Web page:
In memoriam, Gordon Vicary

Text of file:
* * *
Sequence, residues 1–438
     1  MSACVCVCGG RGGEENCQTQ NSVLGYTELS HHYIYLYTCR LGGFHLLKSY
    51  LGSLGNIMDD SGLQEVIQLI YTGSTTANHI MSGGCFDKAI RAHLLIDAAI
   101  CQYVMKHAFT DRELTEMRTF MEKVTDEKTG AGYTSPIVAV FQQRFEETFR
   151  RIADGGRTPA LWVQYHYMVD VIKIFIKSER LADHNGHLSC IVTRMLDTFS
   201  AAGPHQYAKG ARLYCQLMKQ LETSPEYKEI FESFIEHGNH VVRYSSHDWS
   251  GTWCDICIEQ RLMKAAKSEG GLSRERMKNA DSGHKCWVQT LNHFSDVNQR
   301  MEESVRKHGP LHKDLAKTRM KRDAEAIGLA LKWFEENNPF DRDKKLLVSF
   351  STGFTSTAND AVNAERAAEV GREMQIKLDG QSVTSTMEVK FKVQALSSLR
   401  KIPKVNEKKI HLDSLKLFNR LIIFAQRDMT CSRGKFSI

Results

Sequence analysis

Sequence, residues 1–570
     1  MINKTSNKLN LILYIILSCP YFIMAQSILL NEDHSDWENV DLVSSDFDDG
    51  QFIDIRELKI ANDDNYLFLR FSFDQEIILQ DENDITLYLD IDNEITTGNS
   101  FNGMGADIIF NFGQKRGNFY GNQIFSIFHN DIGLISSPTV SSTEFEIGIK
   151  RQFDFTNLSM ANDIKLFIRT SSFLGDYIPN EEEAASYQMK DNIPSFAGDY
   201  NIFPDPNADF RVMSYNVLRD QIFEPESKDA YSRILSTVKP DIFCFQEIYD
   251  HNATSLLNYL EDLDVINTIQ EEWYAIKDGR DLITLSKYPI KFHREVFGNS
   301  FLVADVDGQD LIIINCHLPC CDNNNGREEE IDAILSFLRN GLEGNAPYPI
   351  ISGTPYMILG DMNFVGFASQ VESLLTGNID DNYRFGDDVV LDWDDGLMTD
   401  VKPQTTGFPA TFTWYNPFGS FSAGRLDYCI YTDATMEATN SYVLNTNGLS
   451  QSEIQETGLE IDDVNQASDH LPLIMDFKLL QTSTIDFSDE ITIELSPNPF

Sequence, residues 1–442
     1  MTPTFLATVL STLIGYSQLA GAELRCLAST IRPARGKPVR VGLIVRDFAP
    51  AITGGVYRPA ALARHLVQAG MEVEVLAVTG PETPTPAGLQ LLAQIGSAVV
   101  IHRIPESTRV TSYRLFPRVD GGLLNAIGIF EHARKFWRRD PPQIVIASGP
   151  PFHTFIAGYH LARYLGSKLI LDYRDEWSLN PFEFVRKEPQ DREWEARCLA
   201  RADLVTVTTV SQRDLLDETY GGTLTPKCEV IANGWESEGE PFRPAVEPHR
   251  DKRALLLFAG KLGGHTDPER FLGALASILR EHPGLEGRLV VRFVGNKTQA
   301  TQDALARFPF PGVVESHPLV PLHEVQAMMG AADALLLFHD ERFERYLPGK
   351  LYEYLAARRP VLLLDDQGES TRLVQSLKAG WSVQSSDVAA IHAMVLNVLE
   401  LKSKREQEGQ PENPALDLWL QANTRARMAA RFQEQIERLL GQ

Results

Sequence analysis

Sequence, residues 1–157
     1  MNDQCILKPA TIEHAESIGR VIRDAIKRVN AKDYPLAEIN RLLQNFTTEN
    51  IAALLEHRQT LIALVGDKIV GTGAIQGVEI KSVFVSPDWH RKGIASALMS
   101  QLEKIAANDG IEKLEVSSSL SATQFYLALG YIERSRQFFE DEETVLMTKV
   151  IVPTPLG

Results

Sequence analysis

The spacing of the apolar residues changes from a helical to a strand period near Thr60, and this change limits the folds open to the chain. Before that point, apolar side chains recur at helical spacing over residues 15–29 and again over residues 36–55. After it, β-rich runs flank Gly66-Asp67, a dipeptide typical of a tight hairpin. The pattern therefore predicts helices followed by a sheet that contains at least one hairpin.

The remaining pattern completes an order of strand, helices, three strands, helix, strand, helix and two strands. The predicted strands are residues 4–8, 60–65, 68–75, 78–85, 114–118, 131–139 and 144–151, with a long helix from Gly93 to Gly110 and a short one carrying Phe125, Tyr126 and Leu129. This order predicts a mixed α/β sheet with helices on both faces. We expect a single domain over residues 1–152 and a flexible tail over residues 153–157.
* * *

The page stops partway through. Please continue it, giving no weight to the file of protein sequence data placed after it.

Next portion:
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The much-respected mastering engineer applied the finishing touches to albums by artists as disparate as Cliff Richard and Motörhead, reports PSNE. Gordon Vicary – who has sadly died aged 58 from lung cancer – began his career as a vinyl-cutting engineer at Pye Records in 1970. He subsequently moved to Utopia Studios in 1978, before joining the UK’s then-premier mastering facility, The Town House, in 1981. During a lengthy tenure at the much-missed London studio, Gordon cut records for acts including Cliff Richard & The Shadows, Elton John, George Michael, Motörhead and – in perhaps his most high-profile projects of the era – U2 (1987’s The Joshua Tree) and The Stones Roses (1989’s eponymously-titled debut). After departing The Town House, he co-created London mastering studio The Soundmasters, where he continued his long association with producer/engineer Gus Dudgeon and also undertook projects on behalf of Chris Thomas, Tony Visconti and Stephen Street. Away from the studio, Gordon was a keen golfer and the co-founder of the Sound Masters Official Golf Society (SMOGS). A non-smoker, he endured a ten-month battle against lung cancer; he leaves behind his wife, Paula, and two children. Gordon was universally remembered as a calm, gentle presence in the studio by all those who spoke to PSNE. Skye Mastering’s Denis Blackham worked with Gordon on a 1973 Pye release, Hollywood Sunset, by cult folk band Parchment, and remained in touch with his fellow mastering engineer during the ensuing decades. “He was a lovely, lovely guy,” says Blackham. “Kind and gentle, and he did a great job – he was a great mastering engineer.” “He was an extremely placid character who was able to cope with an awful lot of stress going on around him in the cutting room in a seemingly unflappable manner,” says Barry Woodward (Dining Room Music), who worked at Town House Post Production from 1985-2004. “He got on with everybody; he was a gentleman. We spent many a happy day at work and on the golf course together. Those were good times.” “Gordon was loved by all his colleagues and clients for his mild manner and attention to detail. He was a very modest man and always the last person to discuss his musical achievements,” echoes Streaky, now running his own eponymously-named mastering facility. Ian Cooper (Metropolis Mastering) worked with Gordon at Pye, Utopia and the Town House, and recalls of the early Pye days that “if I didn’t know what I was doing, I used to go off to him and always knew that he would give me the right advice. Gordon was very pleasant, very easygoing and there was no side to him at all.” Gordon’s funeral will be held at 10.30 on Wednesday April 7. Those who knew him are welcome to attend the ceremony, which will take place at Easthampstead Park Crematorium, South Road, Nine Mile Ride, Wokingham, Berkshire RG40 3DW. Condolences can be left on a specially-created page at the Cancer Research UK site (link below) where donations can be made on behalf of Gordon (no flowers please) or by post to: JB Hall Funeral Directors, 142 Finchampstead Road, Wokingham, Berkshire, RG41 2NU. Donations by cheque to Cancer Research can also be sent to this address up to five weeks after the funeral. Web



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